Endometriosis-related ascites and/or pleural effusion refers to extensive disease with a high risk for recurrence which usually affects non-Caucasian, nulliparous women of reproductive age and leads to clinical symptoms resembling those of an ovarian malignancy. Therefore, clinicians should consider endometriosis in differential diagnosis of pelvic masses and also include endometriosis in diagnostic workup of ascites or pleural effusion.

Cancer Prev Res (Phila). 2011 Mar;4(3):414-24. Epub 2010 Nov 30.

CDB-4124, a progesterone receptor modulator, inhibits mammary carcinogenesis by suppressing cell proliferation and inducing apoptosis.

Wiehle R, Lantvit D, Yamada T, Christov K.

Source

Repros Therapeutics, Inc., The Woodlands, TX 77380, USA. rwiehle@reprosrx.com

Abstract

CDB-4124 (Proellex or telapristone acetate) is a modulator of progesterone receptor (PR) signaling, which is currently employed in preclinical studies for prevention and treatment of breast cancer and has been used in clinical studies for treatment of uterine fibroids and endometriosis. Here we provide evidence for its action on steroid hormone-signaling, cell cycle-regulated genes and in vivo on mammary carcinogenesis. When CDB-4124 is given to rats at 200 mg/kg for 24 months, it prevents the development of spontaneous mammary hyperplastic and premalignant lesions. Also, CDB-4124 given as subcutaneous pellets at two different doses suppressed, dose dependently, N-methyl-N-nitrosourea (MNU)-induced mammary carcinogenesis. The high dose (30 mg, over 84 days) increased tumor latency from 66 ± 24 days to 87 ± 20 days (P < 0.02), decreased incidence from 85% to 35% (P < 0.001), and reduced multiplicity from 3.0 to 1.1 tumors/animal (P < 0.001). Tumor burden decreased from 2.6 g/animal to 0.26 g/animal (P < 0.01). CDB-4124 inhibited cell proliferation and induced apoptosis in MNU-induced mammary tumors, which correlated with a decreased proportion of PR(+) tumor cells and with decreased serum progesterone. CDB-4124 did not affect serum estradiol. In a mechanistic study employing T47D cells we found that CDB-4124 suppressed G(1)/G(0)-S transition by inhibiting CDK2 and CDK4 expressions, which correlated with inhibition of estrogen receptor (ER) expression. Taken together, these data indicate that CDB-4124 can suppress the development of precancerous lesions and carcinogen-induced ER(+) mammary tumors in rats, and may have implications for prevention and treatment of human breast cancer.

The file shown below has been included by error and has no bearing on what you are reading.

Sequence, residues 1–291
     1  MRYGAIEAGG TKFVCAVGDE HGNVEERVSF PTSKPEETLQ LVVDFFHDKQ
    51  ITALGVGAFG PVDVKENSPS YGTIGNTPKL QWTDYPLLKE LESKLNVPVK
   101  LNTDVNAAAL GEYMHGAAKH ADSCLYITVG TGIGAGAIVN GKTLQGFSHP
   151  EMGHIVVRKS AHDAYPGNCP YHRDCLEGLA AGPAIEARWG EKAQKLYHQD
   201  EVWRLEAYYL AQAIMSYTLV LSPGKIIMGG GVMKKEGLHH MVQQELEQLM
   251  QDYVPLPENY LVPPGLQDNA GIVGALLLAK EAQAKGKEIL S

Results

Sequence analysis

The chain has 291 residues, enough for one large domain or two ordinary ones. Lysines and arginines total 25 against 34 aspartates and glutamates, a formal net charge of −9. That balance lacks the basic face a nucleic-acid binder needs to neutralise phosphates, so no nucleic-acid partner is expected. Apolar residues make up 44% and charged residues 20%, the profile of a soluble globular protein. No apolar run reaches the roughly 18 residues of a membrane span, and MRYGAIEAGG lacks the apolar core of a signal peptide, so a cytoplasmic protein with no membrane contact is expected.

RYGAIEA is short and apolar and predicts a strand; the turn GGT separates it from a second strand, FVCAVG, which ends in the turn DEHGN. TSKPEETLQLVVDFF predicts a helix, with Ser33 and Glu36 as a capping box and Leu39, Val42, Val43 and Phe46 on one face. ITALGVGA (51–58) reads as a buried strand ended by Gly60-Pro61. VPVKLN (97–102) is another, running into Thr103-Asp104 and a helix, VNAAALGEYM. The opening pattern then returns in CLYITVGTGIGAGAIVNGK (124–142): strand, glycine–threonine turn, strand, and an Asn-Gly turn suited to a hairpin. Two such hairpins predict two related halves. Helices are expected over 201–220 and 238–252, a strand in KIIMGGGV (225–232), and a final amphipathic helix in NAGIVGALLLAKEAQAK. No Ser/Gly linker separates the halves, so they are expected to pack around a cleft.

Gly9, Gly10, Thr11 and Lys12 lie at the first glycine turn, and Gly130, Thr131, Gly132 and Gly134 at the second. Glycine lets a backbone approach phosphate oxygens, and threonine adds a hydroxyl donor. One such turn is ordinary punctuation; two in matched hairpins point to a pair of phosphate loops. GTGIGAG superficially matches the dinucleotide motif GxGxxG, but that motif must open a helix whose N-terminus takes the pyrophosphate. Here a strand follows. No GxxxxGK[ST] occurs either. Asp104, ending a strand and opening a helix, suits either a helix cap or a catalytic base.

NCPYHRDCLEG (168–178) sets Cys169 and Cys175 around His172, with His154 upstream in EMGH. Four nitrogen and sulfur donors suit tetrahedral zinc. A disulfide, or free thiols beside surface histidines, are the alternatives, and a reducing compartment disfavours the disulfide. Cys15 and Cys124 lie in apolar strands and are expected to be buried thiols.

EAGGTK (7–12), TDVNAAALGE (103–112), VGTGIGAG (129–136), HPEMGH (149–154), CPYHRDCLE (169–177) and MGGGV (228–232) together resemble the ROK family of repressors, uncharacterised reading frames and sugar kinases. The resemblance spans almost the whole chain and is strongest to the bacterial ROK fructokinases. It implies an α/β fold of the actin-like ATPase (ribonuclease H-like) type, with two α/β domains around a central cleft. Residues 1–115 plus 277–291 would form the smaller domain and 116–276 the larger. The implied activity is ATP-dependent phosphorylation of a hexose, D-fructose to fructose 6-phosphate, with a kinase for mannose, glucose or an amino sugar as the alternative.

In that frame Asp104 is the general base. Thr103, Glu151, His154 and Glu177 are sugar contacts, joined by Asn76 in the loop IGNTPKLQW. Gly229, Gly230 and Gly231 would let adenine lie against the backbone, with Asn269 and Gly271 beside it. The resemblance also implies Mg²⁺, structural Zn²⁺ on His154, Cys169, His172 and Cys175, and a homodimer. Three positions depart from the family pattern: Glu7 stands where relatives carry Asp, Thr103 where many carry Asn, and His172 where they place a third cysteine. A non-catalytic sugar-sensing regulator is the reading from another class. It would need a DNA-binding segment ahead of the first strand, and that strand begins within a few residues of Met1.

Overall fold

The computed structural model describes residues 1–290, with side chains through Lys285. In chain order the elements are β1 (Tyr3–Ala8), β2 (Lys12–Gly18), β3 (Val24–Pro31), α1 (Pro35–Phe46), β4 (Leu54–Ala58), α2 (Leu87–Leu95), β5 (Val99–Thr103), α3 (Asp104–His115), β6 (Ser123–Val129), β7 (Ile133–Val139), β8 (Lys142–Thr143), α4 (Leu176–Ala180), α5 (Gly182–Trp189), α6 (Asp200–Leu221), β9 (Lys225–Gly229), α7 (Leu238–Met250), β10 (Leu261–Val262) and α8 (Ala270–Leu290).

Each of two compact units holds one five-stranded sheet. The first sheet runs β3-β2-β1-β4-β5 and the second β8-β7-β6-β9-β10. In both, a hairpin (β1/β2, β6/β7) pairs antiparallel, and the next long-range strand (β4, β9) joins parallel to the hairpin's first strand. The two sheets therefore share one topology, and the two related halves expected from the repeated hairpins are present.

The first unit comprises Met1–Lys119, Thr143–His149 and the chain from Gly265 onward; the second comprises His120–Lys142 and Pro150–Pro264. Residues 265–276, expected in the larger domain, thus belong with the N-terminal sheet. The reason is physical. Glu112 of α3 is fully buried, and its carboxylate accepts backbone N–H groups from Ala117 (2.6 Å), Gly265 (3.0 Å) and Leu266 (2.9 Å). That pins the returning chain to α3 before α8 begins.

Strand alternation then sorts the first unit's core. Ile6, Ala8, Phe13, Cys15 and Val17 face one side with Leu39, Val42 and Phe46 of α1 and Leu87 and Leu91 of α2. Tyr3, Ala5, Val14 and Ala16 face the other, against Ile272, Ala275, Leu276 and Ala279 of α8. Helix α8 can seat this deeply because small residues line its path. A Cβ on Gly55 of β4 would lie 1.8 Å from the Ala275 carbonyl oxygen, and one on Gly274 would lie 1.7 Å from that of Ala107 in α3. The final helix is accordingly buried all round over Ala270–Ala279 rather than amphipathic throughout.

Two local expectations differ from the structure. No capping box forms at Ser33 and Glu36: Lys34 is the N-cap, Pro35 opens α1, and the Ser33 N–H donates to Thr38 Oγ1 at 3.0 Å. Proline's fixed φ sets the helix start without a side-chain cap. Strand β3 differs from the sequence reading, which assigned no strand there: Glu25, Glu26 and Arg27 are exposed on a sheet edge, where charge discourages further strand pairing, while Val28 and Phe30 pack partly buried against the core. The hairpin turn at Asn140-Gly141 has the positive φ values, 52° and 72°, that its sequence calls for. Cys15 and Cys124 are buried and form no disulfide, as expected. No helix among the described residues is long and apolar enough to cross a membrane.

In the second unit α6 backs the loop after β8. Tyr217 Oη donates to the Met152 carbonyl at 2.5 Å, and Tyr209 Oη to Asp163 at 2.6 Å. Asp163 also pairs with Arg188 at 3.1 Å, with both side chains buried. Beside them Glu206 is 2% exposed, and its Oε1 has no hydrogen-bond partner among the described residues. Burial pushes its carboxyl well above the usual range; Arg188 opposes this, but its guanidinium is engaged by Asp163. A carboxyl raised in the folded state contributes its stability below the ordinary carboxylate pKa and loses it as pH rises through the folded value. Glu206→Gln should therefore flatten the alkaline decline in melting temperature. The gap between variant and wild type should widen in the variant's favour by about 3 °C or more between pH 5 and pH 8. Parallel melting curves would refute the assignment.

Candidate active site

Cytotechnology. 2011 Mar;63(2):205-10. Epub 2011 Mar 16.

Lactobacillus gasseri OLL2809 inhibits development of ectopic endometrial cell in peritoneal cavity via activation of NK cells in a murine endometriosis model.

Itoh H, Sashihara T, Hosono A, Kaminogawa S, Uchida M.

Source

Food Science Institute, Division of Research and Development, Meiji Dairies Corporation, 540 Naruda, Odawara, Kanagawa, 250-0862, Japan.

Abstract